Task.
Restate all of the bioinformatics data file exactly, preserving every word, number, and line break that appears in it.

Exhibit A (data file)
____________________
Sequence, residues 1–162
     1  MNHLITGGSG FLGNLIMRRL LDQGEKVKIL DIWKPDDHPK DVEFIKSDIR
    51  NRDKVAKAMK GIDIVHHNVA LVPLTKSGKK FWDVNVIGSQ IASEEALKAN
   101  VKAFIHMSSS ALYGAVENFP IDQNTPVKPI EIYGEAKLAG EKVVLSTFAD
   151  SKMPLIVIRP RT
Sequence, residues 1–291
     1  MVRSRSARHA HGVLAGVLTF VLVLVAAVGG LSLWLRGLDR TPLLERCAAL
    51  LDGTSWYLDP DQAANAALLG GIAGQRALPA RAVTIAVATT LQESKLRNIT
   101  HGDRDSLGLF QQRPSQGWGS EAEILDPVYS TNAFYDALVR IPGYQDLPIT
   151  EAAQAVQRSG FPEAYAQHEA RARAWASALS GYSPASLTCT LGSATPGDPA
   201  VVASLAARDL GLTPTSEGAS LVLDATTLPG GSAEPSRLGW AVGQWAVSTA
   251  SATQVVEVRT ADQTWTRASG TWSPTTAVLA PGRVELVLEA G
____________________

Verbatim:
Sequence, residues 1–162
     1  MNHLITGGSG FLGNLIMRRL LDQGEKVKIL DIWKPDDHPK DVEFIKSDIR
    51  NRDKVAKAMK GIDIVHHNVA LVPLTKSGKK FWDVNVIGSQ IASEEALKAN
   101  VKAFIHMSSS ALYGAVENFP IDQNTPVKPI EIYGEAKLAG EKVVLSTFAD
   151  SKMPLIVIRP RT
Sequence, residues 1–291
     1  MVRSRSARHA HGVLAGVLTF VLVLVAAVGG LSLWLRGLDR TPLLERCAAL
    51  LDGTSWYLDP DQAANAALLG GIAGQRALPA RAVTIAVATT LQESKLRNIT
   101  HGDRDSLGLF QQRPSQGWGS EAEILDPVYS TNAFYDALVR IPGYQDLPIT
   151  EAAQAVQRSG FPEAYAQHEA RARAWASALS GYSPASLTCT LGSATPGDPA
   201  VVASLAARDL GLTPTSEGAS LVLDATTLPG GSAEPSRLGW AVGQWAVSTA
   251  SATQVVEVRT ADQTWTRASG TWSPTTAVLA PGRVELVLEA G